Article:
This is a publication from Garment Magazine, made by students from the Amsterdam Fashion Institute. You can find The Future Through Headwear issue in stores on the 29th of June!
for bigger personalities
Your brand name stands out, how did you come up with it?
“It was a time pressure thing. I was emailing this guy from Depop and I realised I needed to make an Instagram”. While lying in bed I was thinking of a play on words, it was either Hat & Spicy or That’s Hat, which is a word play on the popular Paris Hilton quote “that’s hot”. I didn’t want to use my name in case everything goes to shit.”
I often find exciting new designers on social media and Instagram in particular, did this play any role in the creation of your brand?
“Yes, it did. When I was younger I used to just go on my laptop and scroll through Tumblr. Now, I can’t lie, I just use Instagram for everything. I don’t even buy magazines anymore. I used, to but not anymore.”
Your design approach is based on research and intuition, so in that way, you’re making bespoke hats, right?
“Yeah, that’s the route I want to go down rather than just sending out five of the same hat. But, if I do that, I want to do drops so that it’s more of an exclusive thing. I would hate to go to a festival and turn around and see someone in the same hat. However, I have made three of the green and yellow ones, people just keep asking for them but I don’t want to have more than ten out there in the world. I don't want my hats to be too exclusive in the typical sense, I just want them to be individually your thing - exclusive for you as a person.”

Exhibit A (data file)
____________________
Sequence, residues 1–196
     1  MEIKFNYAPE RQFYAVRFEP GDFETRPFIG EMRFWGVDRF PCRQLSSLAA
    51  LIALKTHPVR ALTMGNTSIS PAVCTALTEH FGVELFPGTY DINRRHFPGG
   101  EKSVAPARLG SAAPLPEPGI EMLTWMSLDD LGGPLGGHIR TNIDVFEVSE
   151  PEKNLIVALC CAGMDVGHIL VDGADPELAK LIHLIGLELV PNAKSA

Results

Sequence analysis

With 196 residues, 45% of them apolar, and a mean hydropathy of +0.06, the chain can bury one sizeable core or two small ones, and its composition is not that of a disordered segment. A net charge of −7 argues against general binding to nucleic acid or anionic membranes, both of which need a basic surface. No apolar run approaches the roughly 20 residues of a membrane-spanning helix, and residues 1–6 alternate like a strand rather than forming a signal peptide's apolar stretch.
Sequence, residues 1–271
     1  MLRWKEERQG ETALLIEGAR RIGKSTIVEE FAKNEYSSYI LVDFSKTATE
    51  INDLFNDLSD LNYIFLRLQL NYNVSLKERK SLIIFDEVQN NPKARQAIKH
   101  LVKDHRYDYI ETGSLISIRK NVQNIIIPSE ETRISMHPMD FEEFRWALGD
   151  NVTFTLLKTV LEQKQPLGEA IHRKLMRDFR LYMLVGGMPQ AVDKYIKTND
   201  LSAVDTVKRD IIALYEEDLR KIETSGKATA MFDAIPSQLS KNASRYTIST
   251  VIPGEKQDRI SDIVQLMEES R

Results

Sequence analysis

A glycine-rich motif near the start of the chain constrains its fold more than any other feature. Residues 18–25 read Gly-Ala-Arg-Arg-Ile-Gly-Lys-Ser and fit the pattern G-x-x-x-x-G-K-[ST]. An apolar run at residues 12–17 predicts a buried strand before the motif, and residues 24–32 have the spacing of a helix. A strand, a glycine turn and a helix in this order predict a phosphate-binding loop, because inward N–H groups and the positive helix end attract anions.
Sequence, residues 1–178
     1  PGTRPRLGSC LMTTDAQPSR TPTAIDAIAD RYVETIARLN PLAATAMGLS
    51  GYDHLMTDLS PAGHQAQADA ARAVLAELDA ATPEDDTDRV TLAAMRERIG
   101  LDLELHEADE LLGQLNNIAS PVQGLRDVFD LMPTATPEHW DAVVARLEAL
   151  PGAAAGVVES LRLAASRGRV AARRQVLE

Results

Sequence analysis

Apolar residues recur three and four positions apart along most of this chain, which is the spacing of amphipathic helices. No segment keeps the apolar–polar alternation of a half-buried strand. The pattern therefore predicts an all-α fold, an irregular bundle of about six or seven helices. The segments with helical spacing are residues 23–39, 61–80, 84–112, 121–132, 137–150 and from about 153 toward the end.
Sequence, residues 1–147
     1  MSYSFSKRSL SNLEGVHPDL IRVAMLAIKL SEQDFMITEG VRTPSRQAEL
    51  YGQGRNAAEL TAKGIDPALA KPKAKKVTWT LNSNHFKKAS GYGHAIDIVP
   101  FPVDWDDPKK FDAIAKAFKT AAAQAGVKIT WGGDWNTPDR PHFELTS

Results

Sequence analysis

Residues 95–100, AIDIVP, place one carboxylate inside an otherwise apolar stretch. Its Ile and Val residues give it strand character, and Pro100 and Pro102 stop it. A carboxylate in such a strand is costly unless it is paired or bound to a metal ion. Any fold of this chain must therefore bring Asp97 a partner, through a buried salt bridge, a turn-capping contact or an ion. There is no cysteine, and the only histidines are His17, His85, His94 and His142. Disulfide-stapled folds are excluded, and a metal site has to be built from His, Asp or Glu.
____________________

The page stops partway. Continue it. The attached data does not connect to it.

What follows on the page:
From what I’ve seen, Hat & Spicy has already been seen on the heads of some influential figures, how have you gained this exposure?
“I had one of my works in Jax Jones’ music video, which was amazing. I’ve had some drag queens, Self-Esteem (the singer) wearing my designs and a couple of them are currently out right now on a shoot for a DJ. Because of my job, I know quite a lot of stylists and follow their work through Instagram or music videos to see if I would want to assist them. So, I came across Jax Jones’ stylist, Rhiannon. I followed her, and she followed me back and messaged me straight away. She was looking for a hat that weekend for Jax Jones’ music video and I was actually in front of the TV making a hat at the time so I sent her a pic, she said it was perfect so I finished it up and sent it as soon as I could.”